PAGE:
Friday Two Cents: I Spoke From My Heart, A Place Of Honour


  This coming Sunday is an extremely important day for me, and many people around Canada. On November 11th we commemorate the sacrifice tens of thousands of men and women did to preserve our way of life. In other words, our freedom to choose how to live our own lives. This day has always been a day to reflect and honour those who paid the ultimate cost for that freedom.

  This past week many schools have been getting ready to also commemorate this day. Many ask the students to create reflections, images and art to this effect. In one class they were tasked to create something similar, yet something happened that made my blood boil and took all my strength to compose myself.
  I was supplying in a junior class with students’ ages 9 – 11, they were asked to create a poster reflecting on their up coming Remembrance Day assembly. I decided to show them a YouTube video I had created for another Remembrance Day assembly. During the video a student was laughing at the images of the soldiers and other students made it a point to tell him to stop and told me after it was over. I had observed this and decided not to react but thought to turn it into a lesson.

Remembrance Day Poppy

  After the video had played I ask them what feelings did they feel after viewing it. Many said sadness, pride and respect. I said their poster also needs to bring out those emotions. The person was still laughing and many told that individual to stop, but I said. “No they can laugh. You see those soldiers died so that people like them can laugh and do what they want. Even if it makes you upset, we in Canada must respect the rights of individuals to express their opinions.” I looking right at them and continued, “Remember though, that in your home country, you are not allowed to express yourself that way. That you would not be allowed to even practice your faith like you are here in Canada. Remember that because of these soldiers, you can come to this country and believe what you want, go to school where you want and even say what you want. Where you come from you would not be.” After that little speech the students went to work on their posters and many were very well done. Even the one individual also worked on it. But it took all my patience and self-control to say those things and compose myself.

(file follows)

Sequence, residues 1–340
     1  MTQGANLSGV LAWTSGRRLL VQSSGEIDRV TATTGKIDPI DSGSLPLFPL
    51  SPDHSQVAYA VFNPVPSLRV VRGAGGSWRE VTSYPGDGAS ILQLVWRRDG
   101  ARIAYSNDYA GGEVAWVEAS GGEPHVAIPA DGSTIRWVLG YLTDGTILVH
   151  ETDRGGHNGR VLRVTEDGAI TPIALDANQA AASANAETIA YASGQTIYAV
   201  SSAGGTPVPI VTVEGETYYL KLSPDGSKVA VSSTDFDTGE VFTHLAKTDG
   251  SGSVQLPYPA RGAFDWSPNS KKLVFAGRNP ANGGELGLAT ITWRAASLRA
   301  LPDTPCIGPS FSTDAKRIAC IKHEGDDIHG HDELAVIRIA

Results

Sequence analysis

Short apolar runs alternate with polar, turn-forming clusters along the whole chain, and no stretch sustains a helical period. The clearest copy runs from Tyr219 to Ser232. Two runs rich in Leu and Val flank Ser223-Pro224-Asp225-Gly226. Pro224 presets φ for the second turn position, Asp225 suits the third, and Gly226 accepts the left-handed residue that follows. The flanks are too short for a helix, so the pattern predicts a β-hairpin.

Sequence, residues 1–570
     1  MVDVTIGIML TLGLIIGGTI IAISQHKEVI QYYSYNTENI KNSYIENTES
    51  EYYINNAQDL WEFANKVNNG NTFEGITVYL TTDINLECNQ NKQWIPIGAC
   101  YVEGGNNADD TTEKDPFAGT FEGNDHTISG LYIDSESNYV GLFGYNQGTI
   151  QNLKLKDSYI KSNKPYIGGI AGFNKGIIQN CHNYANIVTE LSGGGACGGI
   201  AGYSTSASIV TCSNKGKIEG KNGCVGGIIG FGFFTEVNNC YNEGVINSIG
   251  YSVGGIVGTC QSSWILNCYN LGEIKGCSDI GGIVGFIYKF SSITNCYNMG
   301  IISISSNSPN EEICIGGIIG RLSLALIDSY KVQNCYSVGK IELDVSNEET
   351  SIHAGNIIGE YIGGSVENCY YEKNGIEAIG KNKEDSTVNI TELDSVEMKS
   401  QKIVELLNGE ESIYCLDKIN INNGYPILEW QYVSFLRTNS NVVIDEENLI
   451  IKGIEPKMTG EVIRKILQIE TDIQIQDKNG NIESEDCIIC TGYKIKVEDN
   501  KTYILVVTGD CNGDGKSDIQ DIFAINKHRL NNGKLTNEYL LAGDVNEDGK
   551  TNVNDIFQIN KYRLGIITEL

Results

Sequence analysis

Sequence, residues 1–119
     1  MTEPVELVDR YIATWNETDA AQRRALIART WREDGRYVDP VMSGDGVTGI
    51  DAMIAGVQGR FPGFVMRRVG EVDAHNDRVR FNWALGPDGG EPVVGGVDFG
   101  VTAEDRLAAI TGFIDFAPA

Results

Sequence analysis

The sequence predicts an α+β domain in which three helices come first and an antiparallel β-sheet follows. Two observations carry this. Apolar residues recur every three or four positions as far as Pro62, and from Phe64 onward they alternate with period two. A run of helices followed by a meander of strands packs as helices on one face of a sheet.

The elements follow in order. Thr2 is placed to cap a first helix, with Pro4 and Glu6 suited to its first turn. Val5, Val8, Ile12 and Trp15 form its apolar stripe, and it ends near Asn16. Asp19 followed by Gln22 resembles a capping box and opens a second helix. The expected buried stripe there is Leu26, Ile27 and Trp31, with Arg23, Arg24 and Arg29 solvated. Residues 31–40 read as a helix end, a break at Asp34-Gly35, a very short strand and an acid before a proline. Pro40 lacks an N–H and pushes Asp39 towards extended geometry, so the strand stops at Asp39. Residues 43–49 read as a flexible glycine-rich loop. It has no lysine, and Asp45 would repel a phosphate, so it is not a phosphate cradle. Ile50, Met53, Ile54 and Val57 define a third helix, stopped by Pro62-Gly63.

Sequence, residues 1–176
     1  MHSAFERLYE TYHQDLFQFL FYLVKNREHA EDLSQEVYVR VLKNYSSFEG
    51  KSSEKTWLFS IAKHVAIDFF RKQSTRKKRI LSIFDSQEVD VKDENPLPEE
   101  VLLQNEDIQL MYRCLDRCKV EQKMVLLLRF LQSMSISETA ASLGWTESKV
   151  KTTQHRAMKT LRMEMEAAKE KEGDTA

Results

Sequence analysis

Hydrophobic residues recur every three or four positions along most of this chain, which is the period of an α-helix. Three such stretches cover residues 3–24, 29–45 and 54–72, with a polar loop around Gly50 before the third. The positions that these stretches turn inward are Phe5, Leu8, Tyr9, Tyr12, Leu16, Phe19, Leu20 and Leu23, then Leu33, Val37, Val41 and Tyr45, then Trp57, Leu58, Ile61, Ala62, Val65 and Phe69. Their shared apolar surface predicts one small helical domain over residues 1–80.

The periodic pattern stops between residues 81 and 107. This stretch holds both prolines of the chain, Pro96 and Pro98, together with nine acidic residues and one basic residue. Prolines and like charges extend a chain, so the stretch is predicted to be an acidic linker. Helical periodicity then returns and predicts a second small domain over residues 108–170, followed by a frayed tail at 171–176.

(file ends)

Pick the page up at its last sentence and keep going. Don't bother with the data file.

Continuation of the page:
I am not sure if that individual understood what I said or if they care. What I do know is that I spoke from my heart, from a place where honour and loyalty has a strong presence. I believe in the words I spoke and ever day I do try to live a life that honours their sacrifice. That is why I created the video in the first place. I wanted to create a tool to help honour them and hopefully inspire others to take up the torch and hold it high. For I will not break faith with those who die, though poppies grow in Flanders Fields.


Friday Two Cents: Remembrance